Observer-Dispatch: Symposium explores cycle of poverty
Expert opinion and personal stories mixed Monday at Utica College as dozens of people gathered to discuss the causes, effects and possible solutions for poverty.
The 2019 Poverty Symposium, organized by Mohawk Valley Community Action Agency and Utica College, began with tours of the action agency, followed by the Poverty March Initiative back to the college. The rest of the evening included a panel discussion and a “human library” of stories told by people who have experienced poverty.
One Utica College student recalled how he didn’t know his family was struggling until the day all their utilities were shut off and they received an eviction notice.
At the time, he was a high school sophomore growing up in the South Bronx, he said. And before that day, his parents had tried to hide their financial struggles from him and their children.
Hope and faith have gotten his family through, though, he said.
“It wasn’t something that we let get us down and stay at rock bottom,” he said.
When it comes to poverty, hope can be a powerful force, said expert panelists at the event. For example, Ugur Orak, assistant professor of sociology, talked about the correlation between high poverty and high crime neighborhoods. But research shows, he said, that people don’t commit more crimes just because they live in poverty.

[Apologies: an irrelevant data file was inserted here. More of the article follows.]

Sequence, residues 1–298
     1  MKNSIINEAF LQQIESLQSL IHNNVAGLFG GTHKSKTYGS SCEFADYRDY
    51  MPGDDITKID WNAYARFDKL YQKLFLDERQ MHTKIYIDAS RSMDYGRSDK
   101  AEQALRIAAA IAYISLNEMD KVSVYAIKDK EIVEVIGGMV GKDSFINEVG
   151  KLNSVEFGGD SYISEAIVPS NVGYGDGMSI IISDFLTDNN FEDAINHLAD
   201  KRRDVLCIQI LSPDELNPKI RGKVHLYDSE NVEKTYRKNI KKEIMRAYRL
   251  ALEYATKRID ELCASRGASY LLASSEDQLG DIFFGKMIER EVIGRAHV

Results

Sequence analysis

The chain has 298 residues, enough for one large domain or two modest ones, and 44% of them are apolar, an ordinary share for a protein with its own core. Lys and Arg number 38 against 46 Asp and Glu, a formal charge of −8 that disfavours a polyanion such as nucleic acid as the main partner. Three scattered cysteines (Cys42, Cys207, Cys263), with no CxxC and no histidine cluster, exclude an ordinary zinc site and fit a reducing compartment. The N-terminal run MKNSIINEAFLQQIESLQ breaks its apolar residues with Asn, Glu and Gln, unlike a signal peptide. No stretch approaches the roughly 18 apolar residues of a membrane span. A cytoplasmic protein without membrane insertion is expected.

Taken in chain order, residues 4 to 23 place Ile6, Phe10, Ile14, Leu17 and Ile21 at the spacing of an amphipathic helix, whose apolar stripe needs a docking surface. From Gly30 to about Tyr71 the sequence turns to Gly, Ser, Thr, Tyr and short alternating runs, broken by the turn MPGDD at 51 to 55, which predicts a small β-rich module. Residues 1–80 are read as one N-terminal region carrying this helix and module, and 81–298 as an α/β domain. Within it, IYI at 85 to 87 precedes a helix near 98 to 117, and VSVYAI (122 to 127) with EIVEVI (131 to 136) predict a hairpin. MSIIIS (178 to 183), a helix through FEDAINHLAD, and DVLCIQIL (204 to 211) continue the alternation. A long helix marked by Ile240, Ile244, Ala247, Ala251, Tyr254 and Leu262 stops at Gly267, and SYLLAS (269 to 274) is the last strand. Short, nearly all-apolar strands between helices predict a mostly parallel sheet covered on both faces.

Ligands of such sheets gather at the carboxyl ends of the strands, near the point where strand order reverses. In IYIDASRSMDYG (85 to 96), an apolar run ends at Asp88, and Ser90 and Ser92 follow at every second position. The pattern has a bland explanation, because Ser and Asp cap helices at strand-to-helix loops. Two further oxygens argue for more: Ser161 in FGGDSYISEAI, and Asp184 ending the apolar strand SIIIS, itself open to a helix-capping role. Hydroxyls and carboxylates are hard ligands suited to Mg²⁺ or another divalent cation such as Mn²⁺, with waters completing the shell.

“What makes an individual more crime prone is hopelessness,” he said.
Statistics also show that poverty is an extremely difficult cycle to break, he said.
“You are born into poverty and you will live in poverty and your children are born into poverty and will live in poverty,” Orak said.
Monday’s discussion was more than relevant to Utica, where 30 percent of residents – twice the national average – live in poverty, said Richard Duque, assistant professor of sociology. More children live in poverty in Utica than anywhere else in New York, he said.
Poverty, Duque said, leads to many kinds of disparities: economic, environmental, educational, judicial, and even health and social service disparities.
“The effects of poverty on children in the educational system are profound and long term,” said Mary Hayes Gordon, director of the Young Scholars Liberty Partnership Program at the college.
Students in districts with fewer resources lack access to internships, are less likely to receive advanced Regents or technical diplomas, attend schools less likely to be strong in science, technology, engineering and mathematics education, and aren’t taught the skills for community leadership, which can leave their voices out of decision making, she said.
Research has shown the remedy, Gordon said: more support, more opportunities and internships.
“We know what works. But it doesn’t work unless we actually make it work,” she said.
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